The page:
This reflection on James Madison was written several years ago in observance of Freedom of Information Day. Because the influence of Madison seems to have faded from the limelight in recent Freedom of Information observances, it seems right and just to dust off the tribute so we remain vigilant to preserve our principles of open government in this digital age. MT
We may know James Madison, born March 16, 1751, as “Father of the Constitution”, the president whose home got torched during the War of 1812, or husband of the delightful Dolley. On the anniversary of his birth we honor him with an annual Freedom of Information celebration in which a network of advocacy groups throughout the nation take part.
The reason why is expressed in the following quote: Madison observed that “a popular government, without popular information, or the means of acquiring it, is but a prologue to a farce or a tragedy; or perhaps both. Knowledge will forever govern ignorance; and a people who mean to be their own governors must arm themselves with the power which knowledge gives.”
We take seriously Madison’s wise counsel, with focus on the means of acquiring “popular information.” We cherish a free press. We condemn book burning and censorship. We pass laws that ensure open meetings and government transparency.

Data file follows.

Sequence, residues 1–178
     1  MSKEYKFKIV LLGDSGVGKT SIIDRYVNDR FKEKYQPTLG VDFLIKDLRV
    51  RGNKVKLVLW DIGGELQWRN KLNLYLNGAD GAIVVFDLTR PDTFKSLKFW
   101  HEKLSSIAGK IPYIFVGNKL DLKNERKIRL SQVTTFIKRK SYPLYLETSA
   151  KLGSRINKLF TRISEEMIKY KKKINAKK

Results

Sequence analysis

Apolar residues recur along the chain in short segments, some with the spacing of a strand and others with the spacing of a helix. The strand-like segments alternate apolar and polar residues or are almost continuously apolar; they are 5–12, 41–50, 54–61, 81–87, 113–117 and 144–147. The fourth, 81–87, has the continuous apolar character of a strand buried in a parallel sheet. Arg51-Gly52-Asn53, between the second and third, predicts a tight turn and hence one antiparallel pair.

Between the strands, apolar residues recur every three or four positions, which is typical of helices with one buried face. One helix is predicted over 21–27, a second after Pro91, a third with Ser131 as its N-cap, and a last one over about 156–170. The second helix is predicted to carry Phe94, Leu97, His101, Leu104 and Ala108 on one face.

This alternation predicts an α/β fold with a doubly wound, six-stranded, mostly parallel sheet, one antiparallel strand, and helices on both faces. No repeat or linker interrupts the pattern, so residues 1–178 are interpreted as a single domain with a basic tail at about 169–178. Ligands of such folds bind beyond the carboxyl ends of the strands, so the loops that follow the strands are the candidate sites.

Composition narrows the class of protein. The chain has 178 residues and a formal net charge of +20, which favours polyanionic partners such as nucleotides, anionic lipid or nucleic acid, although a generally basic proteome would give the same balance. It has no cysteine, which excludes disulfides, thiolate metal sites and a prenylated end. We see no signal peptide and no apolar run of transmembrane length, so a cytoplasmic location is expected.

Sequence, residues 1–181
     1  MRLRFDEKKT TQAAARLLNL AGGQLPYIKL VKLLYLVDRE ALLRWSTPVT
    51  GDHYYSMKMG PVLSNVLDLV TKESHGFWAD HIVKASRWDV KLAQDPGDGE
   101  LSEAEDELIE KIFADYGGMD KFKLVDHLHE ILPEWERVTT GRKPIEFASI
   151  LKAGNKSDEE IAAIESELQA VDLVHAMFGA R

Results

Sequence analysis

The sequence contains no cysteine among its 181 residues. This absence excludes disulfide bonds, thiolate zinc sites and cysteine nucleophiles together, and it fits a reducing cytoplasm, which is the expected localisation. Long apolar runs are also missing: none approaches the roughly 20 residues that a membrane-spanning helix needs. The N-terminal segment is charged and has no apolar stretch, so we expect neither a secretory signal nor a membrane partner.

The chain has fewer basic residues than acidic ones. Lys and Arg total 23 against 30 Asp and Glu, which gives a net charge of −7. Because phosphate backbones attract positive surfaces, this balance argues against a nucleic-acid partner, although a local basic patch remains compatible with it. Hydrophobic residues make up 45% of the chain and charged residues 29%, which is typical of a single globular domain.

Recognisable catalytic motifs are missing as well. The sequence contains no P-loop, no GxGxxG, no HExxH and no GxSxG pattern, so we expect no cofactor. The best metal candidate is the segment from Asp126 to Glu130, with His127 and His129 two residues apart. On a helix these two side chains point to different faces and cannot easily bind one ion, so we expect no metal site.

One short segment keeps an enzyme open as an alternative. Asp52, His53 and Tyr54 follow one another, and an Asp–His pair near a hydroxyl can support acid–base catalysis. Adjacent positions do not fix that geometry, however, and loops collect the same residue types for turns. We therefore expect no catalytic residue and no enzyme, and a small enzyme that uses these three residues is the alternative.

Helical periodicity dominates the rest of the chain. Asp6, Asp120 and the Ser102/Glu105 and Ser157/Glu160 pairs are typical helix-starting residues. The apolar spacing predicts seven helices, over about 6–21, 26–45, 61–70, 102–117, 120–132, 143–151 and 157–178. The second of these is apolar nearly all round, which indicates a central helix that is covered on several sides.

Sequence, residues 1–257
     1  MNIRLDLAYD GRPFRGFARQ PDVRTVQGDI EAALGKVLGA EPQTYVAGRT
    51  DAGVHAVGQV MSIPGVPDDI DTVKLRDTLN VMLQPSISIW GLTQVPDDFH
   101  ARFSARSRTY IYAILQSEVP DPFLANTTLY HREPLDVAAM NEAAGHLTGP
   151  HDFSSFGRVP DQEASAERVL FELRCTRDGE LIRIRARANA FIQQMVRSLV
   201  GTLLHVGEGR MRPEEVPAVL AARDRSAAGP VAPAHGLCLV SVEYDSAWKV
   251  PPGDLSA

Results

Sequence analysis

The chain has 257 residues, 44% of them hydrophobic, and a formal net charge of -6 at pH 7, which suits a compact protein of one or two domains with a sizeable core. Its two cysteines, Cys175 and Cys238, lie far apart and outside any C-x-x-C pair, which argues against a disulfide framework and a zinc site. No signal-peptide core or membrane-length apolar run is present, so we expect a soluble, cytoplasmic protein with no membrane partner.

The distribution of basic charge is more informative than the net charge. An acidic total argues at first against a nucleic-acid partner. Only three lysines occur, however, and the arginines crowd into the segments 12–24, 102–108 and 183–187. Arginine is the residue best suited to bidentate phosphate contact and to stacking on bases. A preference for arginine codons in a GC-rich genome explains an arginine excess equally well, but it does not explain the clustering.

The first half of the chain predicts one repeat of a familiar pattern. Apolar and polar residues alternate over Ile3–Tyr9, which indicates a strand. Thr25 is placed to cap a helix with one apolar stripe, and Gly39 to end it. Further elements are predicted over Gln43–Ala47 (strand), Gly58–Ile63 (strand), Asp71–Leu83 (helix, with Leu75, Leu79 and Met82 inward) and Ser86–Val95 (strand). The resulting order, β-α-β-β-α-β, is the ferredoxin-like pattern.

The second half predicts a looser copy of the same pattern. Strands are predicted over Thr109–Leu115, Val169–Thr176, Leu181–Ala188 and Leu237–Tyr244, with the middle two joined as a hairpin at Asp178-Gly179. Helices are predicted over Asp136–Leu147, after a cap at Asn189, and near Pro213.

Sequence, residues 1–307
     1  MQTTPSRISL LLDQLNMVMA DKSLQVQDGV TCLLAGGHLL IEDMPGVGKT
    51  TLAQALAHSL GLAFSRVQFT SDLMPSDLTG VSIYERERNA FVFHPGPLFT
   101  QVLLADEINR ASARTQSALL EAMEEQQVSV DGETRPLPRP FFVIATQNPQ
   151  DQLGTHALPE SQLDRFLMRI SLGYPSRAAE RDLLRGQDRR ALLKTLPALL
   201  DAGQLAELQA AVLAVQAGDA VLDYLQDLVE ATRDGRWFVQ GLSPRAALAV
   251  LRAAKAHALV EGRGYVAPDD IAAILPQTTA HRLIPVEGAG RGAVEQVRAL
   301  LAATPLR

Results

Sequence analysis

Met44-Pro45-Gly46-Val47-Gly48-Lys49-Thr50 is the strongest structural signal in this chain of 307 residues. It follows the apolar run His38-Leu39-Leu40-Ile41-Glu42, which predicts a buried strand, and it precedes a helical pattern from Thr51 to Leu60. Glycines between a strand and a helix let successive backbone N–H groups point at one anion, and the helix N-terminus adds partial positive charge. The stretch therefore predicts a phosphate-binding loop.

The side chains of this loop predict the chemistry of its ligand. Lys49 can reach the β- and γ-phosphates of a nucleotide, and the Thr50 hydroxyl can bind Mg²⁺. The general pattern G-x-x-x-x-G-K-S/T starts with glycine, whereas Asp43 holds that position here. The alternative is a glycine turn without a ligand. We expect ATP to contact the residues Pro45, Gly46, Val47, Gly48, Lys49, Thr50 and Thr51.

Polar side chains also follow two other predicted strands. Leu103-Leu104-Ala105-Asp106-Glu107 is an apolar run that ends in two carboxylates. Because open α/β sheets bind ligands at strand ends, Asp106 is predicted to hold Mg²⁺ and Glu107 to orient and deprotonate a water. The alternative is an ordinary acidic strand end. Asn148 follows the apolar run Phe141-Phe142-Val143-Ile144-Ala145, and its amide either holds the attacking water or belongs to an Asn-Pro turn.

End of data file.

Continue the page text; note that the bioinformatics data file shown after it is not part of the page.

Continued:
Likewise, we honor Madison’s confidence that “knowledge will forever govern ignorance” and operate on the principle that, when truth and falsehood are allowed to grapple freely, truth will win out.
We the people honor Madison by attending with equal diligence to his admonition to “arm” ourselves with the power which knowledge gives.” Madison, an inveterate learner, devoured veritable libraries from his own collection and from tomes on loan from Jefferson. Madison’s “Notes on Ancient and Modern Confederation,” an examination of factors that either facilitate or inhibit good government, embodies his conviction that the decision-maker armed with knowledge will prevail.
One meaningful way to celebrate Madison’s birthday is to make a serious individual effort to “get up and do what needs to be done” to ferret out reliable information, examine facts, share ideas with those who agree, and listen with equanimity to ideas with which we vehemently disagree.
With the other founders, Madison helped establish a set of principles and practices by which “a people who mean to be their own governors” might do so. On Madison’s birthday, Saturday March 16, we recognize the necessity of popular attention to a perpetual need – public access to public information. Though the devil may be in the detail of how that works out in today’s political, economic and polarized environment, Madison’s resolute and resilient commitment to an informed democracy offers the possibility of common ground that fosters responsible governance.